Most of the questions we hear when speaking with Business Leaders involve IT processes and redundancies rather than the technical aspect. Good operators don’t need to know anything about technology to understand when a process is broken. They can see through the haze when it comes to people being overwhelmed by both volume and/or technical capacity.
As business leaders, we know deep down inside some things just don’t exist, but yet we are always searching for those unicorns when hiring people and hoping our current caterpillars turn into perfect butterflies. With the landscape of technology being as vast as it is, this type of thinking can get us in trouble. To expect anyone to perform at a high level through the 6+ roles they are responsible for is just ludicrous. It doesn’t matter how much of a mythical creature they appear to be – they are only human.
Many times internal IT people (or external one-person companies) are asked to do everything under the sun when it comes to technology. They are viewed as an “IT Guru” and if it plugs into the wall or lights up they are expected to be the expert. Unfortunately, that is just not reality. There are not only an abundance of technology roles that you probably are trying to get out of one person, but those people are often asked to do things that really should fall on other people’s plates. Let’s break these roles down to better understand what we are asking for.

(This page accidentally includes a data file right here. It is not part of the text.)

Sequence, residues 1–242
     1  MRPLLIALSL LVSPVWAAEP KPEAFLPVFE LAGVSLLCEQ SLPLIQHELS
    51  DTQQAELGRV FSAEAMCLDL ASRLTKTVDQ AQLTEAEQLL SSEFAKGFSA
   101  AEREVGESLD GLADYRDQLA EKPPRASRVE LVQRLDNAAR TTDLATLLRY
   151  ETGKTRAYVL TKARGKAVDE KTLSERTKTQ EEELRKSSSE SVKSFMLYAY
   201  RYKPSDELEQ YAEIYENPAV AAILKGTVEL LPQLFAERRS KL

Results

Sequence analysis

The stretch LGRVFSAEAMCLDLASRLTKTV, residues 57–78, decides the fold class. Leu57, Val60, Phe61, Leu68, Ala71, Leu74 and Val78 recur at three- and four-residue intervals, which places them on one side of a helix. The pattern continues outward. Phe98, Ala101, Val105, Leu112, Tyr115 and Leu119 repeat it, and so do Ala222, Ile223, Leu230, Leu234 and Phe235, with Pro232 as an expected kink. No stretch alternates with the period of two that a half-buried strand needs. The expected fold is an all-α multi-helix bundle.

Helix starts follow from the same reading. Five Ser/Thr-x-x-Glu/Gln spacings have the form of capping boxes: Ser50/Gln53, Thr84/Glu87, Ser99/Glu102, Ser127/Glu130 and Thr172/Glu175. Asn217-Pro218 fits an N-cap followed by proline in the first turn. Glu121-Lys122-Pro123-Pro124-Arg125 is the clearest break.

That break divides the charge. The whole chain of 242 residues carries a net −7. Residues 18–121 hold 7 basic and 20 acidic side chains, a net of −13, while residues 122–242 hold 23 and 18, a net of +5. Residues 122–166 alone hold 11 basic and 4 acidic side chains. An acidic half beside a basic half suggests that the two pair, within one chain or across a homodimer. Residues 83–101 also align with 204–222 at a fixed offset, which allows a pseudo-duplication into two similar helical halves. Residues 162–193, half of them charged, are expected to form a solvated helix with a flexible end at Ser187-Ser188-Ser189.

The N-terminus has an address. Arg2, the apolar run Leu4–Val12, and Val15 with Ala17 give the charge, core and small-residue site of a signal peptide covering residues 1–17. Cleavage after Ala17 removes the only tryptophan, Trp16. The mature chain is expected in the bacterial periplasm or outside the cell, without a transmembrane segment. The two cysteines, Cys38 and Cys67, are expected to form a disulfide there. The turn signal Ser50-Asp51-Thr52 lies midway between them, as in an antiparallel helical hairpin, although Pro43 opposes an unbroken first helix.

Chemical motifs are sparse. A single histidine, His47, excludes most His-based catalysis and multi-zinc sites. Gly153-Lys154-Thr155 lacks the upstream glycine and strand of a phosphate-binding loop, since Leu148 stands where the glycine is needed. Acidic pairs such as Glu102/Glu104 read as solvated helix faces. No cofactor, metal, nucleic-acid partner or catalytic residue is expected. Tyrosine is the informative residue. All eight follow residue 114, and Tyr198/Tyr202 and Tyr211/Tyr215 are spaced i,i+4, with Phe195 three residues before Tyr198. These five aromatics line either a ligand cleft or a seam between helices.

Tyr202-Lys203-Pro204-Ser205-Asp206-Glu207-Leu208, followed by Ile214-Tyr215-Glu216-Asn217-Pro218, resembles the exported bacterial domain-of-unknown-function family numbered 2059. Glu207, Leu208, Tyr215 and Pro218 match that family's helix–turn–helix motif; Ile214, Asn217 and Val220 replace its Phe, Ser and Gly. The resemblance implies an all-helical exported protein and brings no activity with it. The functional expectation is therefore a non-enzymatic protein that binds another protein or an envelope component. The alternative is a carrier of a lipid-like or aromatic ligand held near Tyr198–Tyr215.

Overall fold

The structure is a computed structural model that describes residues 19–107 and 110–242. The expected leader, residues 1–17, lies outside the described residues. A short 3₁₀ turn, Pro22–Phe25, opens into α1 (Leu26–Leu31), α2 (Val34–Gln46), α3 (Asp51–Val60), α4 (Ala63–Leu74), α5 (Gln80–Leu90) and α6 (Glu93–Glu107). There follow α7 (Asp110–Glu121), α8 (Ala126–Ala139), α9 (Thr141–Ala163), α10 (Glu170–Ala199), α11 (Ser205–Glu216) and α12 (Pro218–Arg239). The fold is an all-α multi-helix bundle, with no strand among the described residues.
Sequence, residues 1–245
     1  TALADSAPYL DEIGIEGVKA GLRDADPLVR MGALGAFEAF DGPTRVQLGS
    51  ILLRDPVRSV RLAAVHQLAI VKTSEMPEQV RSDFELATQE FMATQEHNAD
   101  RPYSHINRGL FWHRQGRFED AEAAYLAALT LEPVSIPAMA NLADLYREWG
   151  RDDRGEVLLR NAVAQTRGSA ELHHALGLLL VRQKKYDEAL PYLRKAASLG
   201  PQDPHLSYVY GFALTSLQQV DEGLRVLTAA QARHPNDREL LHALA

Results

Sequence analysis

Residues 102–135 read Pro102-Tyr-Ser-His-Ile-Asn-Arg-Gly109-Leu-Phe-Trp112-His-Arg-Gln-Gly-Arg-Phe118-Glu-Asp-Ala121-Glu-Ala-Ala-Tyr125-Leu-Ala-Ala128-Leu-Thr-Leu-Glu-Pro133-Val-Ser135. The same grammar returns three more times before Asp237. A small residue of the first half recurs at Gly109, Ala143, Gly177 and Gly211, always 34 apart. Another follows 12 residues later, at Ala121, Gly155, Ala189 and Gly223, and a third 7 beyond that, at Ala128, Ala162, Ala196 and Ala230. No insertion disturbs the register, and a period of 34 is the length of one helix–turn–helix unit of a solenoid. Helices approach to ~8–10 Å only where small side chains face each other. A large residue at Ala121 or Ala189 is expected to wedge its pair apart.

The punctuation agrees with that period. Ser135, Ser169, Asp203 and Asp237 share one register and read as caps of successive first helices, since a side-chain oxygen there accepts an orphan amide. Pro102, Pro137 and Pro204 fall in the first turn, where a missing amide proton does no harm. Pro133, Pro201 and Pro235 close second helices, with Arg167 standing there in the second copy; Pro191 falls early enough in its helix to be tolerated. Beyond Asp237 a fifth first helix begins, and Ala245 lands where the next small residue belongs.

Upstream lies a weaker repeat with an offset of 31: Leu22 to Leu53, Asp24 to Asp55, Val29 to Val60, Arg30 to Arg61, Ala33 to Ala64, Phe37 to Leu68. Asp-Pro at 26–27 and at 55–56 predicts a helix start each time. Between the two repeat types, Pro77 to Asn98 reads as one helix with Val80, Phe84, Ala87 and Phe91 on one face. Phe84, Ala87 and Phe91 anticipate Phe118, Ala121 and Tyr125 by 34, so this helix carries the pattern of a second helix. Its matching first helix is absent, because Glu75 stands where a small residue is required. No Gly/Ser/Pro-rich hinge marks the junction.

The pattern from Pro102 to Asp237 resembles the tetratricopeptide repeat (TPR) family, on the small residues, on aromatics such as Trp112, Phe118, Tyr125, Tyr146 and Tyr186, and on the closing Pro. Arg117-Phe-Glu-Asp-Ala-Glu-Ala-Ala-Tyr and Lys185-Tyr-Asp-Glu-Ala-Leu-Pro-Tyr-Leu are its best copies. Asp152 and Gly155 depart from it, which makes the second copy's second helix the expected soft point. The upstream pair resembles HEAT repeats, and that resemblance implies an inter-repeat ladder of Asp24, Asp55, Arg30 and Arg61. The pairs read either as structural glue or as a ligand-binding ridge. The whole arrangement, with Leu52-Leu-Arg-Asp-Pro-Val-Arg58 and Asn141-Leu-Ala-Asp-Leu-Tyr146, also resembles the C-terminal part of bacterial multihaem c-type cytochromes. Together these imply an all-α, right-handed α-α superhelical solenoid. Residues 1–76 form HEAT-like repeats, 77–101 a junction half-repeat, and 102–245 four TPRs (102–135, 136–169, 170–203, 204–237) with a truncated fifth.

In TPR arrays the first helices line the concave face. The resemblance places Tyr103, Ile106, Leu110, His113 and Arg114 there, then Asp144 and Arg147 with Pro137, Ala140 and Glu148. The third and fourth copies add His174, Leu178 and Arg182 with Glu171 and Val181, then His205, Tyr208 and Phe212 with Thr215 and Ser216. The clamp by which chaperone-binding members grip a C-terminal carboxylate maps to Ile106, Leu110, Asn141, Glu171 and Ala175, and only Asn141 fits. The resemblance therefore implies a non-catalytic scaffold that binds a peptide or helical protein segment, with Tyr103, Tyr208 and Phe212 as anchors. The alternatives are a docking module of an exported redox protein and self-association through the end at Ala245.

After a “quick” whiteboard session, we found that for ongoing positions there are at least 7 different roles just when it comes to IT infrastructure, 6 different roles for development, and 4 different roles for cybersecurity. That’s 17 different roles for those of you keeping the score at home. You could also tack on the 3 C-Suite positions (CIO, CTO, and CISO) that oversee these departments, as well as people handling A/V equipment, but let’s not get too far down the rabbit hole. There are 3 additional roles which are more of one-off scenarios that also get stacked on your IT person’s responsibilities list.